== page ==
Cookies on the London Fire Brigade website

We have placed cookies on your device to help make this website better. To find out more or to learn how to change your computer settings on our cookies page.

Last updated: 09/07/2018, 6:16 PM

Londoners get charged up about electrical dangers

28/07/2015 00:00
Safety warnings

Members of the public have shared pictures of the close calls they've experienced using counterfeit and wrong chargers with their electrical devices. The images show how their plugs have exploded but thankfully not caused a blaze.

The Brigade frequently warns of the dangers of using imitation Apple iPhone chargers and using the wrong chargers with devices like e-cigarettes, which could put people’s lives at risk.

Two lucky escapes, in which fortunately no-one was injured, have recently been shared with the Brigade via its social media channels.

The first was posted at the Brigade's Twitter account(opens in a new window) by Jimmy who said: "#Electriccigarette charger just caught alight, lucky we weren’t out. #turnoff Only use correct charger. I'd hate to see it happen to someone else."

Screenshot of a tweet of a faulty charger that has exploded and burnt the plug socket

Can you spot a real from a fake?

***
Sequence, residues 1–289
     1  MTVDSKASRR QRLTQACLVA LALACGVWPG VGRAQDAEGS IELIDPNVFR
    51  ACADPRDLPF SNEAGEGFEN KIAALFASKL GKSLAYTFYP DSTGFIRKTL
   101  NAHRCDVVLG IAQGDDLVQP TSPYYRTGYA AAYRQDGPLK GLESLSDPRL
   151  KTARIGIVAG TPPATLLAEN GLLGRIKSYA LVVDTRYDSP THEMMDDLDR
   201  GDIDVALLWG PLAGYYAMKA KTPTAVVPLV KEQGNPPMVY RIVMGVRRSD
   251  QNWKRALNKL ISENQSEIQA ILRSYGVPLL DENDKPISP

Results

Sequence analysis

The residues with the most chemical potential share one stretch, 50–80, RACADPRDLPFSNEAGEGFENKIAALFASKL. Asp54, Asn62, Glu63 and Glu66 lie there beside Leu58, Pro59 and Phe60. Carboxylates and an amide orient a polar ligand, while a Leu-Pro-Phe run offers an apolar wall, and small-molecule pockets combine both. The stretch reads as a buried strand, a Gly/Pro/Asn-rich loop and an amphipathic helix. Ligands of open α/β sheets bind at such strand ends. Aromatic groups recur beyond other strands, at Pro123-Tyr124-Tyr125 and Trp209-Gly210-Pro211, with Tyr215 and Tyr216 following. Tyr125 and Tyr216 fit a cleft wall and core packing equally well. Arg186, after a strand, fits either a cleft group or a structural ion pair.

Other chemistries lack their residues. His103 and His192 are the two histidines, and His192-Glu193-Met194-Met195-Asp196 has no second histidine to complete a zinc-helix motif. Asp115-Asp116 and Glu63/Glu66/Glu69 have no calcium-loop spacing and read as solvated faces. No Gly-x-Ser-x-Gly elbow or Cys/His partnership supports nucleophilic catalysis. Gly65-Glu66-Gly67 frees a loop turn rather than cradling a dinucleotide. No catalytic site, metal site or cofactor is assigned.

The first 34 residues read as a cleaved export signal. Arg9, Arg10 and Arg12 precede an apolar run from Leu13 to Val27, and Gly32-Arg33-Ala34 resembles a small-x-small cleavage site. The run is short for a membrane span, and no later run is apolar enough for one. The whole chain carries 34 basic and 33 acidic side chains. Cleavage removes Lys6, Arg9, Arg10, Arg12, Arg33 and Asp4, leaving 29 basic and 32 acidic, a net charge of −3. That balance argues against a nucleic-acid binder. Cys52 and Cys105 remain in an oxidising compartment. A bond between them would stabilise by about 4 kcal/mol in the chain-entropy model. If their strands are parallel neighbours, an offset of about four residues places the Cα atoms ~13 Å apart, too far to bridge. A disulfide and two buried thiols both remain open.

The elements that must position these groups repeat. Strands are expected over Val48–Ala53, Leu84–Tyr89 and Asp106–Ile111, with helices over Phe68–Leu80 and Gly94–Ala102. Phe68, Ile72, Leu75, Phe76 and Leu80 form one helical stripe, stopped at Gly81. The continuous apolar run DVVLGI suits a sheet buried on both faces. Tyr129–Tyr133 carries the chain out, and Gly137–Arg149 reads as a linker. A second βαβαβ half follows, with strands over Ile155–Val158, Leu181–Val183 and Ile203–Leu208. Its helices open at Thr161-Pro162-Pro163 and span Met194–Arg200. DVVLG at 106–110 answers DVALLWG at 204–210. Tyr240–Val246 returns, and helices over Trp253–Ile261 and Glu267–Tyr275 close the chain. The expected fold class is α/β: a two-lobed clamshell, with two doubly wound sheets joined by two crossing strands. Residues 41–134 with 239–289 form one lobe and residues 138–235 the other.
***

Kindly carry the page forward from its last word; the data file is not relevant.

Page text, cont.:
Our investigators noticed a number of tell-tale signs that gave the fake Apple iPhone chargers away:

  • The finish on the plug pins on genuine chargers was found to be matt and uniform, but on the counterfeit chargers the finish was found to be glossy/shiny and the pins irregularly angular.
  • The position of the USB sockets on the dodgy chargers was often found to be upside down when compared to the real product.
  • Genuine chargers were found to weigh over 40 grams, but the imitations tested were always found to weigh less.
  • The printed text on the faceplate was found to be a darker shade on the sub-standard chargers and the casing on the majority of counterfeit chargers tested was found not to be flame retardant.

Think you can tell the difference? Can you get ten our ten on our test?

The second incident, which was posted to the Brigade's Facebook page(opens in a new window), said: "This is what happens when you buy fake chargers. I only bought this a couple of weeks back from a phone stall in Stratford, East London - thank god it didn't catch fire, we are very lucky. People should be made aware."

Burnt out faulty charger tweet pic

Charlie Pugsley, Head of Fire Investigation at the Brigade, said: "We are grateful the public have shared their experiences so we can warn others of the very real dangers caused by some chargers.

"It is crucial people only use the genuine chargers supplied by the manufacturer with their electrical goods.

"One charger may work with multiple electrical items, but it may be of a higher voltage or current than recommended for your device.

"Ensuring the correct type of charger is used will not only stop your device from getting damaged, but will also help prevent fires which can be serious, and could even result in death."